19 August 2011

Imprint Friday: Domestic Violets by Matthew Norman

Welcome to Imprint Friday and today's featured imprint: Harper Perennial. Stop by each week to be introduced to a must-read title from one of my favorite imprints. I know you'll be adding many of these books to your wish list.

Matthew Norman and his fabulous Domestic Violets is not new to Beth Fish Reads. You might remember when I first started talking about my book crush last April.

I case you've forgotten the premise, I'll post the publisher's summary before I tell you more about why this novel will make it to your favorite reads of 2011 list.

Tom Violet always thought that by the time he turned thirty-five, he’d have everything going for him. Fame. Fortune. A beautiful wife. A satisfying career as a successful novelist. A happy dog to greet him at the end of the day.

The reality, though, is far different. He’s got a wife, but their problems are bigger than he can even imagine. And he’s written a novel, but the manuscript he’s slaved over for years is currently hidden in his desk drawer while his father, an actual famous writer, just won the Pulitzer Prize for Fiction. His career, such that it is, involves mind-numbing corporate buzzwords, his pretentious archnemesis Gregory, and a hopeless, completely inappropriate crush on his favorite co-worker. Oh . . . and his dog, according to the vet, is suffering from acute anxiety.

Tom’s life is crushing his soul, but he’s decided to do something about it. (Really.) Domestic Violets is the brilliant and beguiling story of a man finally taking control of his own happiness—even if it means making a complete idiot of himself along the way.
Yes, I can assure you that Tom's adventures will have you laughing and cringing. Everyone—man or woman—will be able to relate to Tom and his family because each character seems so real; it's as if you knew them or had one of two of them in your own family. I particularly love that Tom has a book in manuscript while both his parents have been published, although his mother's collection of short stories has gone out of print.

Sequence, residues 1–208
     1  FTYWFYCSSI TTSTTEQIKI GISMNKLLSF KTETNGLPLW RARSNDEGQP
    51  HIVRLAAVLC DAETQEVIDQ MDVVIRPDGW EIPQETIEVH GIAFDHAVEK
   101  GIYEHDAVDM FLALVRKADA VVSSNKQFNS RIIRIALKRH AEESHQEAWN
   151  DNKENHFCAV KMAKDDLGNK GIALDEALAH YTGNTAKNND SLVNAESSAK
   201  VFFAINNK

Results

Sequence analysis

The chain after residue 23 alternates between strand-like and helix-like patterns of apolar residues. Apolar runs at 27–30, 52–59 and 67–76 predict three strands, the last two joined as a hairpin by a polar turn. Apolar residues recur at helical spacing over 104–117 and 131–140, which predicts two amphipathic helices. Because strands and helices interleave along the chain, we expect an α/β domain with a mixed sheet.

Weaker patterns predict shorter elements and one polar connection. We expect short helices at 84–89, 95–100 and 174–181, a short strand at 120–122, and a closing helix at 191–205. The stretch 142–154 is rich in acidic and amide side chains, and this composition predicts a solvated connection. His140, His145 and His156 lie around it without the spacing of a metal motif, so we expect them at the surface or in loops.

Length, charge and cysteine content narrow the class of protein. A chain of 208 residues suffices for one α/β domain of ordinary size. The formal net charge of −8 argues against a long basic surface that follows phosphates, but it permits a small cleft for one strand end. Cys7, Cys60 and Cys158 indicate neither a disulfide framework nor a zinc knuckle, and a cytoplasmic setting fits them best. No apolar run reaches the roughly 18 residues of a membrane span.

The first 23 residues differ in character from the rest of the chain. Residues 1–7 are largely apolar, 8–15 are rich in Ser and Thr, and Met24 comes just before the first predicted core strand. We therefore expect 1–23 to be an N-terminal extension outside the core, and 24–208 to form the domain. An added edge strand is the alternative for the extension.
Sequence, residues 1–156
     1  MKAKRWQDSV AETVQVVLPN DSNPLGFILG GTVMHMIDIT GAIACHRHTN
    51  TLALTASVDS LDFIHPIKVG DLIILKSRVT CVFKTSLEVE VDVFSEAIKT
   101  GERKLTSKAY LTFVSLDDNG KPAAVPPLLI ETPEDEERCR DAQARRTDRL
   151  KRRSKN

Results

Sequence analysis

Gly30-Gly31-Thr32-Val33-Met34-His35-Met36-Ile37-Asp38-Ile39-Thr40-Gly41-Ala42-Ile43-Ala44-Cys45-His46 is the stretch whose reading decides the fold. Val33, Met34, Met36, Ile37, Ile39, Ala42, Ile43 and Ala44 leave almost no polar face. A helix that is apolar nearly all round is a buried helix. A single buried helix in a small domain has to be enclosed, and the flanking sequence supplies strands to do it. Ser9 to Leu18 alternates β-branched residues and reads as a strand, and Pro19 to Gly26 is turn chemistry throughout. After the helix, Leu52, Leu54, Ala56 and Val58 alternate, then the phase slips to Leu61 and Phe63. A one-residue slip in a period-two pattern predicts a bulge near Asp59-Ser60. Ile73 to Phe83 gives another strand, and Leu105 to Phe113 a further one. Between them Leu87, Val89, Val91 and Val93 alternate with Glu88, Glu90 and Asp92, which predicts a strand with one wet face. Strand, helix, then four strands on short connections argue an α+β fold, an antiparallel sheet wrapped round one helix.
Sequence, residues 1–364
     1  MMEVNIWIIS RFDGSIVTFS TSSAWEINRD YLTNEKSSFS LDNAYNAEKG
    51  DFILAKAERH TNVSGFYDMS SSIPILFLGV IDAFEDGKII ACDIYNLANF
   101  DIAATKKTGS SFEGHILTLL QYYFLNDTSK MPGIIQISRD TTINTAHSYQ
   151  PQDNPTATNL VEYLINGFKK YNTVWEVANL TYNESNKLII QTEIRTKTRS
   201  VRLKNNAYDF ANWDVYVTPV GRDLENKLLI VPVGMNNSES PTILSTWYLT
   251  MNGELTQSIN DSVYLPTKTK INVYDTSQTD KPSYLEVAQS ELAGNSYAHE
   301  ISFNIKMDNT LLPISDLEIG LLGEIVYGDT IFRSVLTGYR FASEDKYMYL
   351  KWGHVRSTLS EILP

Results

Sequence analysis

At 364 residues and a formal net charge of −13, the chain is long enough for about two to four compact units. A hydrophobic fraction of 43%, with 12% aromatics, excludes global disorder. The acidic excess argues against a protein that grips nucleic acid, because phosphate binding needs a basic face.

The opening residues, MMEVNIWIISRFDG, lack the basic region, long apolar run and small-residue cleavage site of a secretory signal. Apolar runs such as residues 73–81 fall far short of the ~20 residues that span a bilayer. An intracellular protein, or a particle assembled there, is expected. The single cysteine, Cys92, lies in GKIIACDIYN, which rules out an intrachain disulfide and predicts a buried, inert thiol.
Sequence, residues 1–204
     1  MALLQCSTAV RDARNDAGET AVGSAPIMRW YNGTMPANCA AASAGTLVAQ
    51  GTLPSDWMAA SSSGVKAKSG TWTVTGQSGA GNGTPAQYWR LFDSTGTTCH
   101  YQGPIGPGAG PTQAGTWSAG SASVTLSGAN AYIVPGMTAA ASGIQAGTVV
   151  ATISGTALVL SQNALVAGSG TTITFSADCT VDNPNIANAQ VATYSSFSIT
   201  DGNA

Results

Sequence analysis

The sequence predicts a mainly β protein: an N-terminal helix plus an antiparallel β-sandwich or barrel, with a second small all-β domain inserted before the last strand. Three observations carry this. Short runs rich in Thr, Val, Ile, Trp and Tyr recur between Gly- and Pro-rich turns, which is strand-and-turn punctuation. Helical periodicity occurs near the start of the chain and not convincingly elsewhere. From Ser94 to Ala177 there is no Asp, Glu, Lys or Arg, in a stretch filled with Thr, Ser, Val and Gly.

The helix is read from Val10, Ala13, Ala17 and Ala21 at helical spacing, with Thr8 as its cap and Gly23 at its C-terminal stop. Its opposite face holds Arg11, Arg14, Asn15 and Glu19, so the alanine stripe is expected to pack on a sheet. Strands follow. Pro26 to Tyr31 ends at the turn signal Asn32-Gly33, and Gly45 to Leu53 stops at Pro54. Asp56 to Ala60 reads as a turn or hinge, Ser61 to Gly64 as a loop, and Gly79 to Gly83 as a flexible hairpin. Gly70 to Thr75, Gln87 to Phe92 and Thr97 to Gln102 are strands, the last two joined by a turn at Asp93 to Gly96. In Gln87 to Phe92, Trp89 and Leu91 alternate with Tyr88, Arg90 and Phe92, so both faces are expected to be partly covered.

Let me share a short scene with Tom and his mother to give you a sense of Norman's writing style. Here's the setup: Tom has just arrived at his mother's house, and she is working in her garden. The only other thing you need to know is that the book opens with Tom trying to overcome a little problem with ED:
"I like the choice of flowers," I say. "Would a violet by any other name be so . . . purple? Shakespeare wrote that. You can look it up if you'd like."

"They're prettier and more vivid in the wild, I suppose, but domestic violets are nice, too. The Greeks believed they symbolized fertility and potency, you know."

As I quietly let the irony of this knee me in the groin a few times, we settle into two of the three wicker chairs.
I can't leave Domestic Violets without one last note: I was particularly amused by Tom's life in the corporate world, and I closed the book thankful that I found a way to be my own boss, without having co-workers or endless meetings. I'm so glad I never had to contend with some of Tom's colleagues.

The reviews for Norman's debut novel have been almost unanimous in their high praise. Take a look at few opinions:
  • Amy from House of the Seven Tails says, "This book is smart, extremely funny, well-written with genuine dialogue and seriously flawed, realistic characters who are as charming as they are jerky and easy for me to love."
  • Kristen from BookNAround says, "Refreshing, humorous, and appealing, Domestic Violets is a book that shows us our present, sends us up, and delivers the good feeling that is so hard to pull off without being too treacle."